Drones have been part of warfare since the 19th century, arguably, when the Austrians used pilotless hot-air balloons to bomb Venice.
Development of pilotless flying machines such as those operated today began almost as soon as the Wright brothers demonstrated powered flight with the first remote control planes developed during the First World War.
Unmanned technology advanced in the interwar period. The term drone itself started to be used at this time, after the UK developed the Queen Bee, a bi-plane converted to be controlled by radio from the ground.
Like many military drones at that time, the Queen Bee was a remote controlled target for anti-aircraft gunners to use for target practice. Others, including the infamous Nazi V1 “Doodlebug,” were still essentially guided bombs - primitive versions of today’s cruise missiles.
By the late 1950s however the US and others found they could use unmanned, remotely piloted aircraft as spy planes. Radio-controlled and fitted with film cameras, the small drones flew over China and North Vietnam gathering imagery intelligence but not risking the lives of pilots, or the diplomatic fallout of US airmen being captured by Communists.
Drones were still only a niche technology during the Cold War. They were unreliable, small yet expensive, and pilots had to be within range of their analogue radio signals, often having to fly their drones while sat in a nearby manned aircraft.
They were overshadowed by globe spanning satellite networks and much sexier, supersonic manned spy planes, such as the U-2 and SR-71 Blackbird, which were much more in tune with the white scarf bravado of Air Force pilots.
The genesis of the drones orbiting today’s battlefields came in three key technological leaps.
First came the work of an Israeli aviation genius who in the 1970s started to develop aircraft with glider-like properties. Incredibly long, thin wings that could hold the plane aloft at altitude for hours on end, more than 24 hours flight.
This endurance is a fundamental reason why today’s armed drones, such as the General Atomics Reaper drone, are so in vogue. The key is keeping the pilots on the ground: the drones are lighter than manned aircraft and they don’t have to land when they get tired, they just swap seats with a fresh crew.
Their ability to loiter proved invaluable in the 1990s, during the escalating conflict in the former Yugoslavia. There was a dearth of good intelligence about Serbian tank and troop movements. US supersonic jets were struggling to spot the Serbian forces in the thick Balkan forests but the drones could stay on station for 24 hours at a time, kept their unblinking eye on their targets.
Combining this loitering with the second crucial advance, the use of transmitters to send the footage straight back to battlefield commanders, is credited with convincing Nato generals they needed to start bombing the Serbs again, so hastening the signing Dayton peace accords.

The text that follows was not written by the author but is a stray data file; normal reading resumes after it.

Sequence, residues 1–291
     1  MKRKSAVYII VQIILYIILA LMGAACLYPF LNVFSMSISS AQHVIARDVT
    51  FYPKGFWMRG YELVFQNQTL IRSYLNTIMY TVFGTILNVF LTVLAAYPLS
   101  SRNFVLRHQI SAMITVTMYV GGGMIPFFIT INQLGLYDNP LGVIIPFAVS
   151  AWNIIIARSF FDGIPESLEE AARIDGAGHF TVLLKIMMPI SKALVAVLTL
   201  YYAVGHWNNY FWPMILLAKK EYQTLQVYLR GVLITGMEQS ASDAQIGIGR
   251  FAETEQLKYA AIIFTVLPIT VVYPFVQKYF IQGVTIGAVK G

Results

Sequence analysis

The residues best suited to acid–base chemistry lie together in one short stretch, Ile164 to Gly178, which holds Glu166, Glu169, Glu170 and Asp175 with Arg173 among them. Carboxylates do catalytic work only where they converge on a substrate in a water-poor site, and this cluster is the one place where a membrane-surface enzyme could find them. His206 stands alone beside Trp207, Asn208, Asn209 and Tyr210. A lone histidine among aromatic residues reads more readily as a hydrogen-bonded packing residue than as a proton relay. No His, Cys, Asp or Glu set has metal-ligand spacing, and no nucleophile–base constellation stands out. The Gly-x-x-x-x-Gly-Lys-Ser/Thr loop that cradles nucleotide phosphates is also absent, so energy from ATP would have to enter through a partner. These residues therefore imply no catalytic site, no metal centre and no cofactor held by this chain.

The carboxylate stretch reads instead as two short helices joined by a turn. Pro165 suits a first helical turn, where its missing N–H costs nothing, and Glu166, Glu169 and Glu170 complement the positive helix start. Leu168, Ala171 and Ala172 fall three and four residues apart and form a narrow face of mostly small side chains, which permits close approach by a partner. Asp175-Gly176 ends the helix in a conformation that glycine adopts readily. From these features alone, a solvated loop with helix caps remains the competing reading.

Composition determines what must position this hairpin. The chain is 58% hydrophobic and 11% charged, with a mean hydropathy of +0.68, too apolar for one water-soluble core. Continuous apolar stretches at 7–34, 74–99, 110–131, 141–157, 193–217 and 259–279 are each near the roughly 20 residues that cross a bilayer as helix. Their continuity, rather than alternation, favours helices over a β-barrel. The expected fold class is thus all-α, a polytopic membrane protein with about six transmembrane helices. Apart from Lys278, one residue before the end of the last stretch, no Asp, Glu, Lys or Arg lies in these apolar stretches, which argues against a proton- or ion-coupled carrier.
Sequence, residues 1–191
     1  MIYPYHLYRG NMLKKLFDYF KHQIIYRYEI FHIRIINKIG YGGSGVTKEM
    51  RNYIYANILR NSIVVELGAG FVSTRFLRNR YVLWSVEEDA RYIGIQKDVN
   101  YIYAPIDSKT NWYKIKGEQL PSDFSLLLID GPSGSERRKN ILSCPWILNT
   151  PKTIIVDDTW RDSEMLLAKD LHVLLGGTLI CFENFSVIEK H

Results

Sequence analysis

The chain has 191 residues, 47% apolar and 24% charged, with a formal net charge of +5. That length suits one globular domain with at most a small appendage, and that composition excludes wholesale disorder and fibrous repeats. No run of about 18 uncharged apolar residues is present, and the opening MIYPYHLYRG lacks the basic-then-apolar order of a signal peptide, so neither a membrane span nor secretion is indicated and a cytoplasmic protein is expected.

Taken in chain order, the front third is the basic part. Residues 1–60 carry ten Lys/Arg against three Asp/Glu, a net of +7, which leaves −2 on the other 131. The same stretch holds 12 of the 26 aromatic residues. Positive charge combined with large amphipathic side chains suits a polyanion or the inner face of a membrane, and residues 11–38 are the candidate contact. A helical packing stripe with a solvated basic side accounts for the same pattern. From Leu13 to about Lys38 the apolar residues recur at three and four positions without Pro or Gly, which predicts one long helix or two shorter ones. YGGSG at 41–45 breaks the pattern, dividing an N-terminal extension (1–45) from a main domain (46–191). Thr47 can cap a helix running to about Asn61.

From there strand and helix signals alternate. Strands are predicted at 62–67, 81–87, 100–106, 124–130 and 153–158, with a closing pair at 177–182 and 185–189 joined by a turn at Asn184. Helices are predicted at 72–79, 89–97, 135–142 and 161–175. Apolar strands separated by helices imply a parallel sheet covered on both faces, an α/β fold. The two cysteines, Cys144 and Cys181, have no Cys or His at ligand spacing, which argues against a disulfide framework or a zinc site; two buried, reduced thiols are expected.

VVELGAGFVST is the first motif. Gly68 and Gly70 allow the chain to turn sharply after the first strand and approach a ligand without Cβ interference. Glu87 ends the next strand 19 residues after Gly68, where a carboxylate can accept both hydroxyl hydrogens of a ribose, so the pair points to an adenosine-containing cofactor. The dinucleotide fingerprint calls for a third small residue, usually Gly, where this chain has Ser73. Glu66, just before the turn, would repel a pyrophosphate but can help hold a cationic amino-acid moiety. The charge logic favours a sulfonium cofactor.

The US has since taken those Balkan systems further. The signal to control them, and the returning video footage, are now transmitted through satellite networks, not radio waves. In 2000 the US took the final leap forward when the Air Force and CIA became the first to successfully fit drones with missiles, as part of a failed CIA attempt to kill Osama bin Laden.
These satellite controlled hunter-killer drones allow pilots to control their aircraft from half a world away and it allows generals, spies and politicians to watch the war they are waging on the other side of the world, live on TV from anywhere in the world.
America’s drones started life as spy planes and were augmented to become assassination weapons. And they have been used in at least seven countries to fulfill exactly those roles, throughout Washington’s 15 year, ongoing war on terror. They have been hoovering up information, feeding the military’s insatiable demand for battlefield intelligence, and finding and killing terrorists and insurgents.
The US drone war massively expanded under President Barack Obama. Responding to evolving militant threats and the greater availability of remote piloting technology, Obama ordered ten times more counter-terror strikes than his predecessor George W Bush over the course of his term.
It is not just that Obama has put more of a certain type of aircraft in the skies. The low-footprint nature of drone strikes – which can be carried out without having personnel in the country being hit – made it politically easier for the US to mount operations in countries with which it was not technically at war. Hundreds of strikes have been carried out in Yemen, Pakistan and Somalia, carried out by the highly secretive Central Intelligence Agency and Joint Special Operations Command at the Pentagon.
Advocates say the drone programme has saved American lives and reduced the need for messy ground operations like the 2003 invasion of Iraq. But it has also killed hundreds, if not thousands of civilians, according to data collected by the Bureau and the NGO Airwars - a reality which experts have warned could have a radicalising effect on the very societies US drones are trying to eliminate extremists from. Human rights organisations have lambasted the targeted killing programme for its “clear violations of international humanitarian law.”